Wednesday, February 01, 2006

Why tryptophan is bad for people who have chemical imbalances related to histamine and serotonin.

This post is a continuation, with all the fine print, and gory pathological detail, of a post that starts at GMO Pundit as follows:

By a strange twist of fate, GMO Pundit is ideally placed to alert readers to a real hazard - excessive tryptophan intake in the wrong circumstances - that is widely misunderstood in the community, and is a previously falsely diagnosed risk.

The main point of this posting is to help people avoid ill health - that is avoid generalised muscular pains (myalgia, called EMS) - that might be caused by ill-advised self-medication with tryptophan, or excessive intake of foods rich in tryptophan. Such intake is commonly taken because it is perceived to help overcome mental depression caused by chemical imbalances in the brain.

Pundit also wants to get over the message that false information itself can cause harm by the distractions it creates that become red-herrings obscuring which are effective and most important safety precautions to be taken.

go to Tryptophan Risk confusion for the continuation of this story over at GMO Pundit.
go to 1.20—High Doses of Tryptophan Cause EMS at Academics Review for a readable short update on how this issue has been mis-used by Jeffrey M Smith  (March 2010)

While over at GMO Pundit, when you get to a link that brings you back here for further details, just click it.

The following are extensive quotations of relevant biological science, starting with the recent major medical review article by Smith and Garrett that explains how there has been a paradigm shift on concepts telated to EMS and similar diseases.

Some points that falsify the conjecture thay GM technology causes EMS are coded in Red. Point supporting other factors cause EMS are in Blue. Further points are obtainable in the original paper and in the extra quotes at GMO Pundit

At the end is an extensive literature citation list on the topic.

A heretofore undisclosed crux of Eosinophilia-Myalgia Syndrome [EMS] : compromised histamine degradation.

M. J. Smith1 and R. H. Garrett2 Infl ammation Research 54 (2005) 435–450
1 Division of Natural Products, Center for Food Safety and Applied Nutrition, Food and Drug Administration, 5100 Paint Branch Parkway,
College Park, Maryland 20740-3835, USA, Fax: ++ 301 436 2644, e-mail:
2 Department of Biology, University of Virginia, Charlottesville, Virginia, 22904-4328, USA, Fax: ++ 434 982 5626, e-mail:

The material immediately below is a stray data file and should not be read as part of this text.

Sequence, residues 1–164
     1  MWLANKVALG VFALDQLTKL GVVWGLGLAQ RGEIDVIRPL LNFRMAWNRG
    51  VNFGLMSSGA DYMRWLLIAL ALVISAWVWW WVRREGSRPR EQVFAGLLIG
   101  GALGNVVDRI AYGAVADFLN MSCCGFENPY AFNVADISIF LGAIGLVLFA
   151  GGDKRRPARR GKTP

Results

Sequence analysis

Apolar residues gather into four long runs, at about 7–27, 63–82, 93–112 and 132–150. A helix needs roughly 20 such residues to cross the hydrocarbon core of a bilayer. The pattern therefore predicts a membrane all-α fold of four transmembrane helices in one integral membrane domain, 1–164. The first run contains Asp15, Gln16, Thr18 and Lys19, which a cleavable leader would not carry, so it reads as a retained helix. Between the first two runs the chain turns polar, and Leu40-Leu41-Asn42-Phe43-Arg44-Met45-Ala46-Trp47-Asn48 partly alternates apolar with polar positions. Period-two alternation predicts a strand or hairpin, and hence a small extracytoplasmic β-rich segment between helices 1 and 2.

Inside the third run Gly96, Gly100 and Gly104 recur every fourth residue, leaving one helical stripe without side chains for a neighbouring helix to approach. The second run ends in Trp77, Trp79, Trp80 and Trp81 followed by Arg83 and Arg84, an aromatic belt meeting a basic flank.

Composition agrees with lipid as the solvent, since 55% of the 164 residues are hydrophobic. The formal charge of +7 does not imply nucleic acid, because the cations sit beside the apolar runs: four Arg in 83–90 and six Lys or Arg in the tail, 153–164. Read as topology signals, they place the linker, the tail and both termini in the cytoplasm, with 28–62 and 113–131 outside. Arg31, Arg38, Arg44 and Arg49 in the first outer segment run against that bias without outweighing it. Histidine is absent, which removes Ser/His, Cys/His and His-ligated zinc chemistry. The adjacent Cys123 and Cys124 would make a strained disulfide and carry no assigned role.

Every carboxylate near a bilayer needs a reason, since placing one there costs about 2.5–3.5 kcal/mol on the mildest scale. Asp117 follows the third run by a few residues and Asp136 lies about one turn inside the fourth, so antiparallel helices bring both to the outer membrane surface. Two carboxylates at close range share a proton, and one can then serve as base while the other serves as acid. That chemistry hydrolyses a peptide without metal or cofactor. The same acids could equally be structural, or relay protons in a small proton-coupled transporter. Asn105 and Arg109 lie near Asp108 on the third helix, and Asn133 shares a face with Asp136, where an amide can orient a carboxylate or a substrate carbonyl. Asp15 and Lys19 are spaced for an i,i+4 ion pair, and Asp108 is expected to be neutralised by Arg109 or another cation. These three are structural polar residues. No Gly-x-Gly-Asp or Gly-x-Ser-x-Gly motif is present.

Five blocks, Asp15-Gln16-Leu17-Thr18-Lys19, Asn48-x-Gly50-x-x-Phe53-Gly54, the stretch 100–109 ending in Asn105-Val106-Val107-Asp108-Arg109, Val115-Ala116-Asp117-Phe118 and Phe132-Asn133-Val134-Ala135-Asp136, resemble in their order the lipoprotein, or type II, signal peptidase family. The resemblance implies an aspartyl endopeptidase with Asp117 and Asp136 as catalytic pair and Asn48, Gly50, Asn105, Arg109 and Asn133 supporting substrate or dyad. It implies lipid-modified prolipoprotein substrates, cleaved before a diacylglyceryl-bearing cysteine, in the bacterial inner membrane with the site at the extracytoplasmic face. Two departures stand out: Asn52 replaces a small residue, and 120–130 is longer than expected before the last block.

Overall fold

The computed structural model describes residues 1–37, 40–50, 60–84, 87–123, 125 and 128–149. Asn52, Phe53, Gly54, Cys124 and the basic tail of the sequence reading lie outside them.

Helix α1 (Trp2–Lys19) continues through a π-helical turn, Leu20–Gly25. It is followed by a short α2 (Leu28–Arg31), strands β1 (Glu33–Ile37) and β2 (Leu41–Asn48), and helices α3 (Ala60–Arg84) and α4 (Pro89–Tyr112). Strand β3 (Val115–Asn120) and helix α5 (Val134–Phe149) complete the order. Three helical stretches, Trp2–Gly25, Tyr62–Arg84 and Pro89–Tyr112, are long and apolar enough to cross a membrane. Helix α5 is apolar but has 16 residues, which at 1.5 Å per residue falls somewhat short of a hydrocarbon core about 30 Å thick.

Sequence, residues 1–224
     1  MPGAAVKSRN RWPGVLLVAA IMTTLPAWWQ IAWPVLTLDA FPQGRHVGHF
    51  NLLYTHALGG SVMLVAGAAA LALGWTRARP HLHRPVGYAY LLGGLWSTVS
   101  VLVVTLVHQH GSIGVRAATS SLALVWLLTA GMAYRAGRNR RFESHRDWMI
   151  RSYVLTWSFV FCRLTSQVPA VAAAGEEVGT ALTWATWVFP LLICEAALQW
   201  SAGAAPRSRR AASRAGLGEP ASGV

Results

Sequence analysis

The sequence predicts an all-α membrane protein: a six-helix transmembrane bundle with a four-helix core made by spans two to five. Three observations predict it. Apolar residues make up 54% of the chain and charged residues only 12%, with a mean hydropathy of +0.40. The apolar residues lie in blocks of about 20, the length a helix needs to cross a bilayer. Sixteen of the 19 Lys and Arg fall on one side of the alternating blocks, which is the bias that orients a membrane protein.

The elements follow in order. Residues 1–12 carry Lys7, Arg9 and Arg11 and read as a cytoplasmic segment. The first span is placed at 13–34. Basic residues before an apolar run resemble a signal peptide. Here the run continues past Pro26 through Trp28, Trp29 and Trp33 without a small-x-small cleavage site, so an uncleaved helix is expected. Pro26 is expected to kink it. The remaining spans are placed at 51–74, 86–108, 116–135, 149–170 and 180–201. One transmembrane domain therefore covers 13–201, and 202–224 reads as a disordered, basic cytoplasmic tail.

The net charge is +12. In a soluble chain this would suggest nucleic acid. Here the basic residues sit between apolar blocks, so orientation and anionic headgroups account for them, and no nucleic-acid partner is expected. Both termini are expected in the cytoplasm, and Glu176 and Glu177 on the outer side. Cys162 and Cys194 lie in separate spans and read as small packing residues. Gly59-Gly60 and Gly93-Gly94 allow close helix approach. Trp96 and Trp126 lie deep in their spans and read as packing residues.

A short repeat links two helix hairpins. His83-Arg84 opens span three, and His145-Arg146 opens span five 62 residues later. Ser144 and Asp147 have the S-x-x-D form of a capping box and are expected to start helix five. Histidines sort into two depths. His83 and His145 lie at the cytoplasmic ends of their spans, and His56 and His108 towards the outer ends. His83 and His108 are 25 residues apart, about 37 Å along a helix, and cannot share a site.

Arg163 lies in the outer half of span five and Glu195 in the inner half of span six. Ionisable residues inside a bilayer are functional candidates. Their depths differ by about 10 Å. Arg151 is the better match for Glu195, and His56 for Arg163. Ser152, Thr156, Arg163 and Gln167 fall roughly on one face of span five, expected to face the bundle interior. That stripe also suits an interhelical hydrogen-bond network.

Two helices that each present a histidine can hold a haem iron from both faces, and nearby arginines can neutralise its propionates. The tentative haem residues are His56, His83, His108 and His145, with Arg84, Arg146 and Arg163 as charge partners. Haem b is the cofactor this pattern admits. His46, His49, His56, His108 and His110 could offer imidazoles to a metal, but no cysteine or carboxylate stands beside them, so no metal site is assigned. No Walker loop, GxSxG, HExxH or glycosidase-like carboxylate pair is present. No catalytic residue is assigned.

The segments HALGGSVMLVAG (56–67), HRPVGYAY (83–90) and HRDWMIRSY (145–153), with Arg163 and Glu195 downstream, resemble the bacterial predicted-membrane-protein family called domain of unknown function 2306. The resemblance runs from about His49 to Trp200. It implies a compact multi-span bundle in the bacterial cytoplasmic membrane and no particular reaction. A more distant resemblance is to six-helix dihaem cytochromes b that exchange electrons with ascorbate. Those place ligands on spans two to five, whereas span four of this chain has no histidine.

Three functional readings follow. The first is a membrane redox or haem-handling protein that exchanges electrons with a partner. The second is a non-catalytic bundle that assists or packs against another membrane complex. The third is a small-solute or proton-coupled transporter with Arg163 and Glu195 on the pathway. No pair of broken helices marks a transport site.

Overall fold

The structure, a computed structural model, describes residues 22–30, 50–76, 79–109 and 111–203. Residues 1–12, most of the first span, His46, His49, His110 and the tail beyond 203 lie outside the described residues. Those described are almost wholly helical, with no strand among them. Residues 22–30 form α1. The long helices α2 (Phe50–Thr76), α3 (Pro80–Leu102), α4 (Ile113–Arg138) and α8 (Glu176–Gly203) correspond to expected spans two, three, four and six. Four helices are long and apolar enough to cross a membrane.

In contrast to early epidemiological evidence offering links between eosinophilia-myalgia syndrome (EMS) and microimpurities of L-tryptophan-containing dietary supplements (LTCDS), this account shows why reliance on a finite impurity from one manufacturer is both unnecessary and insufficient to explain the etiology of EMS. Excessive histamine activity has induced blood eosinophilia and myalgia (Greek:mys, muscle + algos, pain). Termination of the multiple actions of histamine is dependent on particular amine oxidases and histamine-N-methyltransferase. Histamine metabolism is rapid when these degradative reactions are operative. The latent effects of incurred histamine can be potentiated and aggravating when these mechanisms are impaired. Overloads of tryptophan supplements cause – among other relevant side-effects – an increased formation of formate and indolyl metabolites, several of which inhibit the degradation of histamine. Moreover, (non-EMS) subjects with hypothalamic-pituitary-adrenal (HPA) axis dysregulation have also manifested greatly increased sensitivities to incurred tryptophan and histamine. A final common pathway for syndromes characterized by eosinophilia with myalgia is now evident.

A scientific tenet is undermined when the manifestations of a malady or outbreak are attributed – without ascertainable evidence – to a singular cause. Because a wide variety of agents and conditions can induce metabolic aberrations inextricably linked to compromised histamine degradation, reliance on a finite impurity as “the etiologic agent” [11, 34–36] is both unnecessary and insufficient to account for the key features of EMS.
At a minimum, over 20,000 consumers were seriously afflicted by eosinophilia with myalgia in the 1980s, and nearly 400 direct deaths have been recorded [2, 317].41 Above all, a wide spectrum of primary data converges at the etiologic junction where compromised histamine degradation, abnormal eosinophil counts and myopathy overlap — whereby histamine disequilibrium appears to be a final common pathway for syndromes characterized by eosinophilia with myalgia. Sattler and Lorenz [318] have outlined a “histaminosis” model of disease susceptibility based on histamine and incurred inhibitors of SSAO.
Processes that bring hazards, maladies and outbreaks to professional and public attention can create misperceptions about their root causes and true incidences. Misdiagnosis of histamine intoxication is common [118] and compromised histamine degradation is even less perceptible. Apprehensions that EMS-like disorders will continue to surface among unsuspected subpopulations are well-founded in light of several mechanisms (disclosed above) that greatly increase a subject’s sensitivities to incurred tryptophan and histamine.

J Neural Transm Suppl. 1990;32:291-314.
Intestinal diamine oxidases and enteral-induced histaminosis: studies on three prognostic variables in an epidemiological model.Sattler J, Lorenz W.
The danger of luminal histamine administered orally or formed in the intestinal fluid by bacteria has long been neglected. However, the demonstration of blocking intestinal diamine oxidase (DAO) by a variety of common drugs has revived the discussion and has created a new disease concept: enteral-induced histaminosis. In an animal model the three central prognostic variables of this disease concept (large amounts of histamine in food to make the individual ill, blocking of DAO by commonly used drugs, and the relationship between increased plasma histamine levels and disease manifestation by exogenous histamine application) were tested with randomized trials in vivo and biochemical tests in vitro using semipurified enzymes from pig and man. In the first trials authentic histamine in quantities similar to that in normal amounts of food or cheese bought from a supermarket produced life-threatening reactions if the DAO was inhibited by pretreatment with aminoguanidine. In the second series of experiments in vitro a numerous commonly used drugs was shown to inhibit both the porcine and human enzyme. Some of the inhibitors were really strong, such as dihydralazine, chloroquine, pentamidine, cycloserine, clavulanic acid, dobutamine, pancuronium and others. The type of inhibition was sometimes competitive as in the case of dihydralazine and pancuronium, sometimes non competitive (e.g. pentamidine) which may be important for long-term treatment.